A new Federal Reserve study finds that credit availability from U.S. financial institutions remained largely unchanged during the past quarter. Fed officials are trying to spin the findings as a positive sign that conditions are stabilizing and setting the stage for improvements in the not too distant future.
The Fed's April 2010 Senior Loan Officer Opinion Survey on Bank Lending Practices found most banks kept their lending standards unchanged overall during the quarter. Nearly 86% of banks did not change standards for large- and middle-market firms (those with annual sales exceeding $50 million) and 96.3% made no change for small businesses. Large banks, however, were found to be more likely to ease some of their lending policies. Meanwhile, the survey found a small percentage of banks actually began easing standards for commercial and industrial loans. It's the first time an increased number of firms eased their standards in two consecutive quarters since 2006.
However, a majority of domestic banks are carrying higher standards for credit applicants as well as tougher terms for approving small business credit card accounts, both for new and existing customers. Additionally, commercial real estate continues to take a beating. The Fed noted a "significant number" number of domestic banks tightened standards on commercial real estate loans, though not as much as in the previous study conducted in January. Some estimate a commercial real estate recovery may be delayed into 2012.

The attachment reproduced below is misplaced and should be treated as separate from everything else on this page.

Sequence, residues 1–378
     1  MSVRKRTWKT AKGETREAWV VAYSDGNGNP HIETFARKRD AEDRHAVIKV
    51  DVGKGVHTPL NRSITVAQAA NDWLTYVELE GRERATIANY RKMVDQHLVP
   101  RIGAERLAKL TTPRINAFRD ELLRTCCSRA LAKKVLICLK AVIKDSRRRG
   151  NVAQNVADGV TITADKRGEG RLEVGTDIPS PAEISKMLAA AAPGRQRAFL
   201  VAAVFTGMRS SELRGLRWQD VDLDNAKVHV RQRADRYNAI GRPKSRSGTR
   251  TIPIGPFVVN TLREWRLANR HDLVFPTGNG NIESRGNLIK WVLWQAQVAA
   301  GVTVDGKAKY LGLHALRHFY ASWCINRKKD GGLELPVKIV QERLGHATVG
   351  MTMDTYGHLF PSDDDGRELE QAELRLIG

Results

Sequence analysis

During the Chicago Fed's annual Conference on Bank Structure and Competition, Fed Chairman Ben Bernanke admitted credit availability remains limited, but promises there are reasons for optimism.
"Economic activity has continued to strengthen, and senior loan officers tell us that, at least outside of commercial real estate, they anticipate a modest reduction in their troubled loans over the coming year," said Bernanke. "As a result, bank attitudes toward lending may be shifting."
Bernanke noted that officials at the Fed's 12 regional districts are in the midst of an outreach program designed to discuss credit industry problems occurring on the ground and possible solutions to improve matters, especially for small businesses.
"Our message is a simple one: Institutions should strive to meet the needs of creditworthy borrowers, and the supervisory agencies should do all they can to help, not hinder those efforts," said Bernanke. "We are also supporting sensible efforts to work with troubled borrowers to bring them back into good standing."
Brian Shappell, NACM staff writer